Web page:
Time to learn how to swim
I think of the design world as a really cruel place at times. Clients, managers and bosses alike are often either incredibly broad or painstakingly meticulous, family members question what it is you actually do, and if and when you do produce something extraordinary it often functions so well people take it for granted.
I recently watched a fantastic TED talk by Tony Fadell, on the first secret of design, noticing. It’s hard not to be inspired by this talk, a real eye-opener, it truly emphasises how humans naturally take the path of least resistance, which really got me thinking about how often I am guilty of this too.
“Our challenge is to wake up each day and say: how can I experience the world better?” -Tony Fadell
When it came to launching my career after leaving design school, it wasn’t exactly pretty. Sending out numerous CV’s, countless phone calls, interviews, emails with no replies and a real loss of self-belief as my friends sailed into fantastic jobs with ease; the easiest thing would have been to quit. Maybe I was being too picky? Nonetheless, a little demoralised I persevered, and in retrospect that is by far one of the wisest decisions I have made to date. Truthfully, ‘Success doesn't happen overnight’, and this doesn't always have to apply to fame or fortune, it applies to anything you set out to achieve and go on to accomplish, no matter how small. Similarly, it could be argued anything achieved without some degree of struggle is not a success. If you wake up one day to find you have won the lottery, yes you may be financially set for life but you cannot class this as a triumph, merely good fortune.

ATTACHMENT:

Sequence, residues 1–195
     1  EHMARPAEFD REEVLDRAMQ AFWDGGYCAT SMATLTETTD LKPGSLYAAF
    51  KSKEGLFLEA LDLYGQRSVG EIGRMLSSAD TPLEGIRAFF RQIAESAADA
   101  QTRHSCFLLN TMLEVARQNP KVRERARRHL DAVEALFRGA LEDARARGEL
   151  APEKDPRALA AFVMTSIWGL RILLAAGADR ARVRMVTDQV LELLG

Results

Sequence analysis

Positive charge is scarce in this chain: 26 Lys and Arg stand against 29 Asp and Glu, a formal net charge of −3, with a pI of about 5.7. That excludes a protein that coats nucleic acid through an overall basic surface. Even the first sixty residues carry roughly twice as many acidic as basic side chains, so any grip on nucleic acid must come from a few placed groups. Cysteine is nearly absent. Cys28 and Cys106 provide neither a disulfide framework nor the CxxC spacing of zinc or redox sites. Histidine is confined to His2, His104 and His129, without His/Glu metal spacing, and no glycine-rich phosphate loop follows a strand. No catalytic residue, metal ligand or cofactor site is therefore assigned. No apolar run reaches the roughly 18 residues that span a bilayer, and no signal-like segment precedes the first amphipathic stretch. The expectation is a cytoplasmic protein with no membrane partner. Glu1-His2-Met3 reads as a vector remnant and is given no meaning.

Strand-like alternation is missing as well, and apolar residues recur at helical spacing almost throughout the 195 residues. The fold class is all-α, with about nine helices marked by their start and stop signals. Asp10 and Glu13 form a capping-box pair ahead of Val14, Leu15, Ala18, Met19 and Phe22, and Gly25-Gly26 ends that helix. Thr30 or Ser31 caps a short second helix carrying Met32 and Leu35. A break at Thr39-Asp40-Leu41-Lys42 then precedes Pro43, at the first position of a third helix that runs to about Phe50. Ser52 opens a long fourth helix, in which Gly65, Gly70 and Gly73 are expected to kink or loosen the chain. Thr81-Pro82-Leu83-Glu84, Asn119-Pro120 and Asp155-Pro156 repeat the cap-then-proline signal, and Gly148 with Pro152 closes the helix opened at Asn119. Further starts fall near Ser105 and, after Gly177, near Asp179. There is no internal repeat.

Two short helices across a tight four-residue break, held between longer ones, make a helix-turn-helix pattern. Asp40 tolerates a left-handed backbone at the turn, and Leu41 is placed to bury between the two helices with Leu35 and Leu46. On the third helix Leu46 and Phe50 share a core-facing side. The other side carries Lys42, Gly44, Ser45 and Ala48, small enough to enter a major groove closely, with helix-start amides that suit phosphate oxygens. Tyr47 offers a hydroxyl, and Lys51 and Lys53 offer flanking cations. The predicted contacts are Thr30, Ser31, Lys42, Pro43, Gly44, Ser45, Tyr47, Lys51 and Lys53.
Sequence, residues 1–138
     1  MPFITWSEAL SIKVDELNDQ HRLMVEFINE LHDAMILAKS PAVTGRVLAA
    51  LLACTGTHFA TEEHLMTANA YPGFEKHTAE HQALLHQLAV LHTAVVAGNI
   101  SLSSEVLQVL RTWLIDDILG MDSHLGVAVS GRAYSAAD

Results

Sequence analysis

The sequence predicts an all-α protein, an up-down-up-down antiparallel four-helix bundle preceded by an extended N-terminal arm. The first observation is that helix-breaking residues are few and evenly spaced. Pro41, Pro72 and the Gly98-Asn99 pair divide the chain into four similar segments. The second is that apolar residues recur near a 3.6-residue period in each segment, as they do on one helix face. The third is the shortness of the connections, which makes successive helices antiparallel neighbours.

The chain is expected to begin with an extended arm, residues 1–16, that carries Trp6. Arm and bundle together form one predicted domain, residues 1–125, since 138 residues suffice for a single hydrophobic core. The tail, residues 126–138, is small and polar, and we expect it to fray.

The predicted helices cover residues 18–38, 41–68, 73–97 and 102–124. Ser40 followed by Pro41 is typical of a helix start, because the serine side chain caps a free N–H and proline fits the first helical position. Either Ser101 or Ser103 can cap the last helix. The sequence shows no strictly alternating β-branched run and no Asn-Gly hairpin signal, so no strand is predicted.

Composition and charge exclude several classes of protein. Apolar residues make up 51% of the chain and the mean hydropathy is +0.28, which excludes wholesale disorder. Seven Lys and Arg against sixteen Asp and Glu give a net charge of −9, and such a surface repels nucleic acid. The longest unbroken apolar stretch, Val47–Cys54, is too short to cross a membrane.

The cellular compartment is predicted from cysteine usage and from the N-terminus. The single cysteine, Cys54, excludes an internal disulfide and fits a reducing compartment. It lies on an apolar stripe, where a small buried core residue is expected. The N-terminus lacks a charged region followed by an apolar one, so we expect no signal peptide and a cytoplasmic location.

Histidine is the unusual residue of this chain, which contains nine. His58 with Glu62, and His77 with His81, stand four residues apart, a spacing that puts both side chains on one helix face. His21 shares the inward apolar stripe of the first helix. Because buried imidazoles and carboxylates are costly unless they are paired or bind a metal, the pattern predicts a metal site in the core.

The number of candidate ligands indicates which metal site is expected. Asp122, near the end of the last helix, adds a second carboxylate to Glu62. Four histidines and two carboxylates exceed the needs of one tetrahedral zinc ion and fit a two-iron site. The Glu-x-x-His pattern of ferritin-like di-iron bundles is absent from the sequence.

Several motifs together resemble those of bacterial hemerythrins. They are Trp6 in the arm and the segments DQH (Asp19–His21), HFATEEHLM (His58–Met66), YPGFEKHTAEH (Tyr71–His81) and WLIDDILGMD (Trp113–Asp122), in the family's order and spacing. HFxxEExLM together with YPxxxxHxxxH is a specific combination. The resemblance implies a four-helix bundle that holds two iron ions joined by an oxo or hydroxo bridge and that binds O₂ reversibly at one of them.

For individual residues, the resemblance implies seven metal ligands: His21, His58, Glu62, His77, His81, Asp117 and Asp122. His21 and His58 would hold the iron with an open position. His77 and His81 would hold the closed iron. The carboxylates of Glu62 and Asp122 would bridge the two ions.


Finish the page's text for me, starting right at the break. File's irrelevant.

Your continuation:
I don’t enjoy giving out advice for a number of reasons, mainly because the internet is already awash with articles titled ‘50 things I wish I did in my twenties’ but also because I am far from perfect or where I would like to be in my career. Having said that, if there's one nugget of wisdom I can offer to anyone in a similar position, it is simply to throw yourself in at the deep end. Nobody ever learns from taking it easy, mistakes improve your ability, just roll with the punches and wait to see the ensuing magic.